Tanzania is not the only Third World country that co-founded the International Somalia Contact Group, formed in 10 June 2006 by U.S., U.K., Tanzania, Norway, Sweden, and Italy, but also the only Third World member state in the Somalia Contact Group.
In addition, Tanzania is the only Third World country that co-drafted with the U.S. and Britain, Council Resolution 1725 (2006), which violated Council Resolution 733 (1992) Somalia weapon Embargo, to authorize Ethiopia to invade Somalia. East Africa is a conflict zone.
1978 Tanzanian Ugandan war, military dictator Idi Amin blamed Julius Nyerere for backing and arming his enemy, Milton Obote. The current Ugandan president Yoweri Museveni was Mr. Obote's intelligence chief. The Somali military dictator Siyad Bare sided the war with Amin and infuriated Nyerere, the hero of African Socialism.
This might explain why Tanzania demonstrated a bellicose attitude towards tragedy stricken Somalia, and also it may shed light why Uganda was the only country in the world that sent troops to Somalia, until Burundi joined them recently.
It's crystal clear that Mr. Mahiga has a conflict of interest in Somalia. It seems the reason Tanzania was excluded from IGAD was to use her as a bench player, to substitute when IGAD members tire applying chaos theory in Somalia.
Your Excellencies, Though Somalia is an Arab League state, in the past decade, not a single time has the U.N. nominated an Arab diplomat or someone from Somalia friendly states such Malaysia or Indonesia to head the U.N. agencies that work on the Somalia Case.
For 19 years and on, the U.S., U.K., and France kept skillfully transferring Somali sovereignty rights, and U.N. rights, international aid, and trade assets to the hands of the East African States. For example, a plane landing in Somalia today, must get landing authorization from Nairobi or Kampala Uganda; Somali pirates are prosecuted in Kenyan courts.
When Somalia made several ill-prepared invasions to Ethiopia and Kenya in the 60s and 70s, to reclaim territories lost after W.W. Two, Ethiopia and Kenya made a military War Pact in the 80s, dubbed as defensive pact, to let no stones unturned in destroying Somalia. Thanks to the U.S.'s war on terror, that Pact is becoming a reality today.
German Defense Minister, Franz Josef Jung resigned on 27 November 2009 over the deaths of civilians killed on collateral damage in Afghanistan, but the Ugandan Burundian force fire civilians indiscriminately, a violation of 1949 Geneva Convention, the Protection of civilian persons in time of war. And the Council rewards them with some more forces, more weapons, more funds, and more time.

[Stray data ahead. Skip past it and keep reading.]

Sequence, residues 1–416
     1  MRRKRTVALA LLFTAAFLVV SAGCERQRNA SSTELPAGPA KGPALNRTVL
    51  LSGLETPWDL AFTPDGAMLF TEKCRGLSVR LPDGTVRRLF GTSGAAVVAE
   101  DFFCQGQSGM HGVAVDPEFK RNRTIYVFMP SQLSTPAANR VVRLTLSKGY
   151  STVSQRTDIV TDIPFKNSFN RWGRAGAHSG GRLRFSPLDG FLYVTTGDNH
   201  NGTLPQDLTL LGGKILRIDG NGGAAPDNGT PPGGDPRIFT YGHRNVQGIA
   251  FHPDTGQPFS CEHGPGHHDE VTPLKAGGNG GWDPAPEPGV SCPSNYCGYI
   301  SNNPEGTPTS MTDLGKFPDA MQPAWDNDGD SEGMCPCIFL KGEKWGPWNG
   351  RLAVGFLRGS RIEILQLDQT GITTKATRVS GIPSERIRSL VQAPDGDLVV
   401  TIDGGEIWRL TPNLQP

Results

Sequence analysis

Somalis do not understand when in the past four months alone, the people of Kirghistan , Niger, and Guinea Bissau overthrew their governments, formed in the capitals of their own countries by their own people, then why for nearly 20 years, the Organization has been holding Somalis at gun-point to accept foreign formed Somali transitional governments and their protecting peace keepers.
It's imperative the Security Council to begin thinking about the international community's long term interests in the Horn of Africa. A lasting peace can be achieved in Horn of Africa if a fraction of the annual budget the Council spends on NATO Piracy Force and Amisom peace keepers, instead spends on the Somalis to rebuild the democratic institutions destroyed during the civil war. Unlike Iraq and Afghanistan, from 1956 P.M. Abdullahi Isse five-year-term Administration, to 1979 president Shermarke Ali's Government, Somalia had one of the longest held democracy in the history of Africa.
For centuries, the economy of the world depended the Gulf of Aden and the Indian Ocean commercial shipping route as the economy of America relies to the Panama Canal. Finally, the 15 million Somalis in East Africa becoming terrorists can pose a challenge to the world unless their peace and security concern is addressed. It's the economic interest of the world Peace Body to withdrew the Ugandan-Burundian troops, to avert from Somalia, the worst humanitarian crisis, radicalization, piracy, and prevent the people from other other Indian Ocean nations such India and Indonesia join the lucrative piracy business.
Ali E. H. NAALEEYE
The Somalia interested UN General Assembly Member States
The U.N. Secretary General
President of the African Union
The Secretary General of the Arab League